Scientists learn more about how roughage keeps you 'regular'



Drs. Paul L. McNeil (left) and Katsuya Miyake, MCG cell biologists.
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If you ever wondered just how a high-fiber diet helps keep you, well, "regular," scientists may have the answer.

Their results suggest that as these bulky foods make their way down the gastrointestinal tract, they run into cells, tearing them and freeing lubricating mucus within.

More mucus is good, says Dr. Paul L. McNeil, cell biologist at the Medical College of Georgia and corresponding author on the study published online Aug. 21 and scheduled for the September print issue of PloS Biology. "When you eat high-fiber foods, they bang up against the cells lining the gastrointestinal tract, rupturing their outer covering. What we are saying is this banging and tearing increases the level of lubricating mucus. It's a good thing."

The fact that consuming roughage increases mucus production was known, and years ago, Dr. McNeil discovered frequent cell injury and repair occur when we eat.

The new research ties the two together.

"It's a bit of a paradox, but what we are saying is an injury at the cell level can promote health of the GI tract as a whole," says Dr. McNeil. Even though epithelial cells usually live less than a week, they are regularly bombarded, in most of us at least three times a day as food passes by. "These cells are a biological boundary that separates the inside world, if you will, from this nasty outside world. On the cellular scale, roughage, such as grains and fibers that can't be completely digested, are a mechanical challenge for these cells," says Dr. McNeil.

But in what he and colleague Dr. Katsuya Miyake view as an adaptive response, most of these cells rapidly repair damage and, in the process, excrete even more mucus, which provides a bit of cell protection as it eases food down the GI tract.

In research published in 2003 in Proceedings of the National Academy of Sciences, Dr. McNeil showed proof of his then decade-old hypothesis that cells with internal membranes use those membranes to repair potentially lethal outer-membrane injuries. A recent paper published in Nature in collaboration with Dr. Kevin Campbell's laboratory at the University of Iowa showed how human disease, including certain forms of muscular dystrophy, can result from a failure of this mechanism.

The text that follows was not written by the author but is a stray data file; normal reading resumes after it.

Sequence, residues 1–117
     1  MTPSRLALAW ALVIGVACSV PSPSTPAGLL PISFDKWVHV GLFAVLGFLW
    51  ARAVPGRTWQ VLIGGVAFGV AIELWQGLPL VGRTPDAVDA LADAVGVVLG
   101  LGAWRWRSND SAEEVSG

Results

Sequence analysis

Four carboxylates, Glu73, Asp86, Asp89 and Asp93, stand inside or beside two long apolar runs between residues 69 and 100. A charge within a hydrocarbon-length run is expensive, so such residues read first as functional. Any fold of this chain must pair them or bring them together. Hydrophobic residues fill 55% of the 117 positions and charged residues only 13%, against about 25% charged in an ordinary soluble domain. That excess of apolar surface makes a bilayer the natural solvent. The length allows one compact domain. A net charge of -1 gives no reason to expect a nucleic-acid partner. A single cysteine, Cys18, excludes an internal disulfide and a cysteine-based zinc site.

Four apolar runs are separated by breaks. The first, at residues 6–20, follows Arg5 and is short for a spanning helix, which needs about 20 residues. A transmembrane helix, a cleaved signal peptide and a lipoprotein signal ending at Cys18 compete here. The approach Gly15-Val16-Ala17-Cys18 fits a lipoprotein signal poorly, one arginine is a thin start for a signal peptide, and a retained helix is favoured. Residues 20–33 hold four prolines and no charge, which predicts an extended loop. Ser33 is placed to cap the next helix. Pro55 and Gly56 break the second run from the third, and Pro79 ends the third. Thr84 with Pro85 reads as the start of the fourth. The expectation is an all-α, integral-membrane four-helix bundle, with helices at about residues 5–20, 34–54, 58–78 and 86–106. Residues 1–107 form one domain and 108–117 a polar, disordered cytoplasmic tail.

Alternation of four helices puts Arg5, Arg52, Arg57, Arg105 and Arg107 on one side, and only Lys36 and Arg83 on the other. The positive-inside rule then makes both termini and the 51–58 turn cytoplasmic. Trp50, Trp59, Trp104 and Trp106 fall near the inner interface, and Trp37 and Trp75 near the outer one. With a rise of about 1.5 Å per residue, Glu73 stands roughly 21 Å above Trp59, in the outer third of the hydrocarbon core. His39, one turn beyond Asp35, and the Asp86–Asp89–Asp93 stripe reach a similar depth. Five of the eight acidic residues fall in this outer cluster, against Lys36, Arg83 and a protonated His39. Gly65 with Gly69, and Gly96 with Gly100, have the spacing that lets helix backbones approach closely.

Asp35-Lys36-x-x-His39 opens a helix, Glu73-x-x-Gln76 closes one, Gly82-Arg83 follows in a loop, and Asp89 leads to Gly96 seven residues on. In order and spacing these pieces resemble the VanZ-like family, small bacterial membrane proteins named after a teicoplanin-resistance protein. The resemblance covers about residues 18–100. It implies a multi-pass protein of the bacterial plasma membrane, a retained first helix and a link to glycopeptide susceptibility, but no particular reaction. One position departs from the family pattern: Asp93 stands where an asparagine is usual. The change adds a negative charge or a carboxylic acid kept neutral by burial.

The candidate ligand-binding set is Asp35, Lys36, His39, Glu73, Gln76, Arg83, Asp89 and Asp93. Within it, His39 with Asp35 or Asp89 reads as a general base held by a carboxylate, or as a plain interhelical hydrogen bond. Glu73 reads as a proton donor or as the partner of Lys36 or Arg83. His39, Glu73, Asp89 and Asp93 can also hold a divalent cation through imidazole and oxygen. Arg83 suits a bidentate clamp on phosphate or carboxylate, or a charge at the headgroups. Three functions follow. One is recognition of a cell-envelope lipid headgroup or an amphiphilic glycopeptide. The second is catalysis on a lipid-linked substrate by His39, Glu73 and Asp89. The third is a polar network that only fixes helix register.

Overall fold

Electron micrograph showing mucus granules deposited on surface of cell at wound site.
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An outer membrane tear is like an open door through which calcium just outside the cell rushes in. Too much calcium is lethal but that first taste signals the vulnerable cell it better do something quick. With epithelial cells, several of the internal mucus-filled compartments fuse together within about three seconds, forming a patch to fix the tear. In the process the compartments expel their contents so, almost like a bonus, extra mucus becomes available to lubricate the GI tract.

"We have found a very natural way we can enhance mucus production," says Dr. Miyake, cell biologist and the study's first author. He and Dr. McNeil suspected for years that mucus escaped cells as a result of injury. "You might have predicted it, but science is about testing predictions," says Dr. McNeil.

To test their theory, Dr. Miyake, co-director of MCG Cell Imaging Core Laboratory, began working on a method to reproduce cell injuries. "Dr. Miyake developed a very potent cutting edge technology involving the two photon laser that allowed us to blast small holes in cells, mimicking what happens in the living animal. It also allowed us to assess in those living cells whether they could reseal, repair the damage and how they might respond biologically, namely in this case, whether they responded by secreting mucus as part of the healing process," Dr. McNeil says.

They found time and again that most cells did just that, including intact cells in a section of the GI tract. "Epithelial cells are high-turnover cells but they have a built-in survivability," Dr. McNeil says.

The scientists aren't certain how many times cells can take a hit, but they suspect turnover is so high because of the constant injury. Potentially caustic substances, such as alcohol and aspirin, can produce so much damage that natural recovery mechanisms can't keep up. But they doubt a roughage overdose is possible.

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The research was funded by NASA.

Dr. Toru Tanaka, a pharmacologist at the Josai University in Japan and an expert in mucus measurement, is a study co-author.


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